• (1)

    The final number of patients included in the study (n=19) is low, especially when taking into consideration that only a small percentage of patients with BE develop adenocarcinoma in clinical practice. In addition only one patient presented with lesions suggestive of malignancy. Therefore any conclusions as to the suitability of ECE in this population should be carefully drawn.

  • (2)

    If the primary objective of the study was to identify patients with suspected malignant lesions, then the grade of dysplasia in the biopsy specimens should have been shown, given that this is currently the main indicator for determining the follow-up and time between endoscopies in these patients.

  • (3)

    In the study, the pattern observed through UGI endoscopy with MB chromoendoscopy is regarded as the gold standard, but this technique is not reflected as such in published studies or guidelines. For the sake of greater methodological rigor, the histologic study of the biopsy specimens should have been considered as this standard.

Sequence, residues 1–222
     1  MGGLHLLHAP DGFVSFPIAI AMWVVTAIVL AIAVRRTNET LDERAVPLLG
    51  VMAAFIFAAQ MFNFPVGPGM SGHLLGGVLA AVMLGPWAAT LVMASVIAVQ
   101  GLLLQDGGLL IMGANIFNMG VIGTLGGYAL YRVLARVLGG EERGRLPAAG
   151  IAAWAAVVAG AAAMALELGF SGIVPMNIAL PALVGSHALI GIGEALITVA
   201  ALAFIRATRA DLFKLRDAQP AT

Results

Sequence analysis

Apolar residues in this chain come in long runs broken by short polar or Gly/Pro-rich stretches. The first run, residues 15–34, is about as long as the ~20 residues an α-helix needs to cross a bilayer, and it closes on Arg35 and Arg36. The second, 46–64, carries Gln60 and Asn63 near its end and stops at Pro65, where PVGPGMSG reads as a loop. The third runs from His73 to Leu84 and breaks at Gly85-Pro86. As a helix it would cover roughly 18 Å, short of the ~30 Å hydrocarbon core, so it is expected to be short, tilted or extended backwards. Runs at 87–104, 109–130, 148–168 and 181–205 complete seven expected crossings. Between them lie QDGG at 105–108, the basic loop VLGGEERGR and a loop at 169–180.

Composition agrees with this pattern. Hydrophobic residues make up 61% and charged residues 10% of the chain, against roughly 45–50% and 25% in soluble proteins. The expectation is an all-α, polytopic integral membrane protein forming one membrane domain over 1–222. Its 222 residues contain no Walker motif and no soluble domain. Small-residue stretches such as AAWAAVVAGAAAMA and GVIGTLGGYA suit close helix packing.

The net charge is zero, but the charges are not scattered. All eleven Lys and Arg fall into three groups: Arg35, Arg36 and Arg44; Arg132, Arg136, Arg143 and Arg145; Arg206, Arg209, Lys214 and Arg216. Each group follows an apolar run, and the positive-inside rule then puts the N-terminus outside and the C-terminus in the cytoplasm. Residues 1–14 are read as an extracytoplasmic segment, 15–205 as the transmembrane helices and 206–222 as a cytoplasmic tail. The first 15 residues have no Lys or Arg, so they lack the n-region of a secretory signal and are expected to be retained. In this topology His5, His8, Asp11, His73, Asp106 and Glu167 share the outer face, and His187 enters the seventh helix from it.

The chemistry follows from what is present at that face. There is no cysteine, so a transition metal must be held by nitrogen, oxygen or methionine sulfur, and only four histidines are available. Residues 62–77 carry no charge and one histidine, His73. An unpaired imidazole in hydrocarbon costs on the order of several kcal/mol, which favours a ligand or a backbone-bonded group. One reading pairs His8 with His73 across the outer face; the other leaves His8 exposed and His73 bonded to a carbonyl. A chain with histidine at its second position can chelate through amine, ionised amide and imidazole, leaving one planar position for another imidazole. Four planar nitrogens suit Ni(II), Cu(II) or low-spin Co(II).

• (4)

    As mentioned before, only one patient had suspected malignant lesions after UGI endoscopy and chromoendoscopy. However, ECE identified 4 suspicious patients and regarded them as false positives, suggesting a very low specificity and positive predictive value.

  • (5)

    As observed in previous studies, ECE cost-effectiveness for identifying short BE is limited and interobserver concurrence is low.

As the authors commented, further studies on a large number of patients (which would probably be possible only through multicenter studies) are definitely necessary in order to evaluate the true role of ECE in patients presenting with BE. Until then, UGI endoscopy, preferably with magnification techniques and the histologic study of the biopsy specimens, should be regarded as the gold standard technique in these patients.